First Do No Harm: The Problem of Spyware

44 Pages Posted: 20 Sep 2005

See all articles by Susan P. Crawford

Susan P. Crawford

Harvard University - Berkman Center for Internet & Society


Over the last few years, there has been enormous U.S. interest in legislating rules governing spyware. This Article provides a comprehensive overview of the bills that have been proposed (and passed) in the states and on the federal level. It argues that because spyware is impossible to define, these legislative efforts may do harm to the extent they either are focused on design mandates or are attempts to require notice for electronic interactions. Only a technical approach - and only a particular kind of technical approach at that - will work in addressing spyware. Technical actors need to take an immune system approach to spyware, dividing their efforts and experimenting in the field the same way immunity networks do. If we think of the legal system as a medical expert operating on this difficult disease, our first priority must be to wait to allow these already-emerging immunity networks to take effect, and to do no harm in the interim. This is a time for patience, not for the knife.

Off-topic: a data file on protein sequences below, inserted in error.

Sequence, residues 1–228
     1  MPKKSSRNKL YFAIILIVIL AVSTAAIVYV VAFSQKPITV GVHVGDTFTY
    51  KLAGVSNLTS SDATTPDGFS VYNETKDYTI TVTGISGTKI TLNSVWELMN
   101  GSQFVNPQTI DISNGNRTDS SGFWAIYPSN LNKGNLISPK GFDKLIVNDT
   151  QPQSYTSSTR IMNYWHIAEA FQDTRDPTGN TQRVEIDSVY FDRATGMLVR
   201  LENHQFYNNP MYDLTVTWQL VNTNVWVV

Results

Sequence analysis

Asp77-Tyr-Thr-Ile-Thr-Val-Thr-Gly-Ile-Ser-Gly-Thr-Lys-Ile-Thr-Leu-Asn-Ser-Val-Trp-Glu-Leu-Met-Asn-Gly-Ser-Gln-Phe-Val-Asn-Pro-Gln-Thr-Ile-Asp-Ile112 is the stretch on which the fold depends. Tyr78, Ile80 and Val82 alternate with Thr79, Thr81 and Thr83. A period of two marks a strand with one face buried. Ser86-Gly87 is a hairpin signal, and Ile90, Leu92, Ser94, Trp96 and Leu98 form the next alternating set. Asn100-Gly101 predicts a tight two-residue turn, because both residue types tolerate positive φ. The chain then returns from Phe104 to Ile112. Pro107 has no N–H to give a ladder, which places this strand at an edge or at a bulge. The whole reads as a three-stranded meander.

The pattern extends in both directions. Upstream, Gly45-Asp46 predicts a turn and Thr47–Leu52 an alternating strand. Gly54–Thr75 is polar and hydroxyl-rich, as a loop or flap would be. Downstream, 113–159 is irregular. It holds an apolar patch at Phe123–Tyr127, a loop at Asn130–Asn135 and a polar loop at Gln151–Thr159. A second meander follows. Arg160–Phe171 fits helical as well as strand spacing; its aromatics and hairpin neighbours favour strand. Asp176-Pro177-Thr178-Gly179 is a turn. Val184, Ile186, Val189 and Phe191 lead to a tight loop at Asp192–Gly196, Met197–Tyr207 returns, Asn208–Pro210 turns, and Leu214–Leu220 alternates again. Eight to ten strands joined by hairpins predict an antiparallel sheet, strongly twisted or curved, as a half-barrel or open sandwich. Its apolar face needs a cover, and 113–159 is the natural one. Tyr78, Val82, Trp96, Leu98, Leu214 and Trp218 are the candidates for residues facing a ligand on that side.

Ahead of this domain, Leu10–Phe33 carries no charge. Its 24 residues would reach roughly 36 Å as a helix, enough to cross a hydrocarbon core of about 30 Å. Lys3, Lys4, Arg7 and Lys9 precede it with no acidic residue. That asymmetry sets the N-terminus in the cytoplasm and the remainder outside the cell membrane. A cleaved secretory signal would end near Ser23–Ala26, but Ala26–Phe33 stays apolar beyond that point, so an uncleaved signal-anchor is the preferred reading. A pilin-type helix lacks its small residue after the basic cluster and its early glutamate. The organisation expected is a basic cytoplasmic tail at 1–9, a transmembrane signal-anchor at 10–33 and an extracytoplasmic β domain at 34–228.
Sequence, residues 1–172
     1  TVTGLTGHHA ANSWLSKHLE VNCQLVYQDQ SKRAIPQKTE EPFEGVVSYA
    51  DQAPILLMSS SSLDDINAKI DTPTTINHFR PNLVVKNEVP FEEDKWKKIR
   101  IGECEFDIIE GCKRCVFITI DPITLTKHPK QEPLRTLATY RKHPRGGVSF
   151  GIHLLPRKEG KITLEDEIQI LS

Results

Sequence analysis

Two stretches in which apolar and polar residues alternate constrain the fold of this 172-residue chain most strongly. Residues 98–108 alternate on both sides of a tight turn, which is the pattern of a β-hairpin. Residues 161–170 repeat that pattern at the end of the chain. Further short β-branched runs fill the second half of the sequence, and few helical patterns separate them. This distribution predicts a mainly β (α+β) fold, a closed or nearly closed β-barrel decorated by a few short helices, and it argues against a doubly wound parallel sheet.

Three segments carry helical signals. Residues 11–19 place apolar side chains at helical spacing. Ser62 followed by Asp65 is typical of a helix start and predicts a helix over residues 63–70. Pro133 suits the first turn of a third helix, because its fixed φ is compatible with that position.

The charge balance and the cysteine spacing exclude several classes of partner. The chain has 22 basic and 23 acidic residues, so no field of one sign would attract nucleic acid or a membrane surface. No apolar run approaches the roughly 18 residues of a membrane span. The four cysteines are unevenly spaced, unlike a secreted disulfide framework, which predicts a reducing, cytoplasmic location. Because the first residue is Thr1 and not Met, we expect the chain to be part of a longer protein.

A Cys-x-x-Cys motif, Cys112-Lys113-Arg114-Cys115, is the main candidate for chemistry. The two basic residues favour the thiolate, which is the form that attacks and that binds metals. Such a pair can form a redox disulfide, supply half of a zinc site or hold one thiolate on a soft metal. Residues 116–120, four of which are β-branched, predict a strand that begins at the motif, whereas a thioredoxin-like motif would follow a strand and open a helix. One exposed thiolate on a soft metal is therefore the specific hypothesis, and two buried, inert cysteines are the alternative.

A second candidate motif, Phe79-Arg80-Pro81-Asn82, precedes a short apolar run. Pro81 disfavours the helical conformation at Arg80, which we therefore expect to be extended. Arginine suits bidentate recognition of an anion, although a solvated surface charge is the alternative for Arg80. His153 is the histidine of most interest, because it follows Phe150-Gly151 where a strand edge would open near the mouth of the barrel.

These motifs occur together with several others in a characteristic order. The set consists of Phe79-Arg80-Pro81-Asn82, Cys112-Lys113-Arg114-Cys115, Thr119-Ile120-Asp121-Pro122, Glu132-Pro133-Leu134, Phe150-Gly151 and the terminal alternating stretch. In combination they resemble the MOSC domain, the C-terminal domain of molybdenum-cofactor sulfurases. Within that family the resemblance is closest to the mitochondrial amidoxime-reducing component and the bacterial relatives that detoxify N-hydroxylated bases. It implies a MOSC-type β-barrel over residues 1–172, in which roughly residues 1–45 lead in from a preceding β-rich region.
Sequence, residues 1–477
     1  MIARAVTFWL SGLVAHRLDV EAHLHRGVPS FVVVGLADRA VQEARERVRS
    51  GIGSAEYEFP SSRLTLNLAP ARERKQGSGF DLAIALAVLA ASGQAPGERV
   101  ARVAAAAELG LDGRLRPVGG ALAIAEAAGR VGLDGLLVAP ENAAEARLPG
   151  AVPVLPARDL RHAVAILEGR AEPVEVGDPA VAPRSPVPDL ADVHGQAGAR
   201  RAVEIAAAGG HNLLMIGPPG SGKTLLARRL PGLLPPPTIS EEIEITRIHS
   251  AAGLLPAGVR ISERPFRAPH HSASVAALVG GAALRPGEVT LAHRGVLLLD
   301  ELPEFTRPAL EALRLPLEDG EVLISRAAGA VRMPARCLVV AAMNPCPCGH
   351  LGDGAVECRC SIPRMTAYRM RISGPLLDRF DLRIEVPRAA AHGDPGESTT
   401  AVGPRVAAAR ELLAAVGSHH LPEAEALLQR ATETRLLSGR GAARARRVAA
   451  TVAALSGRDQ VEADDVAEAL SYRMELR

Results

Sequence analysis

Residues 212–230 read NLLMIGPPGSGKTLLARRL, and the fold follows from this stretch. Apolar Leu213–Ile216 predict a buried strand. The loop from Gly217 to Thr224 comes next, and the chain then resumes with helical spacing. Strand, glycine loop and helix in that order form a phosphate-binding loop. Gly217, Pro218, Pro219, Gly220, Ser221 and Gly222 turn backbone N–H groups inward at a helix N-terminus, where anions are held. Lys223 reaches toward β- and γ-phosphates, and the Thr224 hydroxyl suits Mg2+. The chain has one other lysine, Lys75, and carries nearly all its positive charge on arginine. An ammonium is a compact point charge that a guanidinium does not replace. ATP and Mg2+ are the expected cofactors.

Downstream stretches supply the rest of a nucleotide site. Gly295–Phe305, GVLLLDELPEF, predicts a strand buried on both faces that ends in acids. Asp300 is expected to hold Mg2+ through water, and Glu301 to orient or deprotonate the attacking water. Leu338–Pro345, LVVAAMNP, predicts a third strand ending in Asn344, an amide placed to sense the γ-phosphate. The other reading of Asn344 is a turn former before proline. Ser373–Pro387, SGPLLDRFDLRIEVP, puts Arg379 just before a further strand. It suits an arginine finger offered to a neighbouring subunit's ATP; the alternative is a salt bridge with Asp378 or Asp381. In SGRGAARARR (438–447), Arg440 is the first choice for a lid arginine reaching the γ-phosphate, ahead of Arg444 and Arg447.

Keywords: spyware, cyberlaw

Suggested Citation

Crawford, Susan P., First Do No Harm: The Problem of Spyware. Berkeley Technology Law Journal, Vol. 20, p. 1433, 2005, Cardozo Legal Studies Research Paper No. 134, Available at SSRN:

Susan P. Crawford (Contact Author)

Harvard University - Berkman Center for Internet & Society ( email )

Harvard Law School
23 Everett, 2nd Floor
Cambridge, MA 02138
United States

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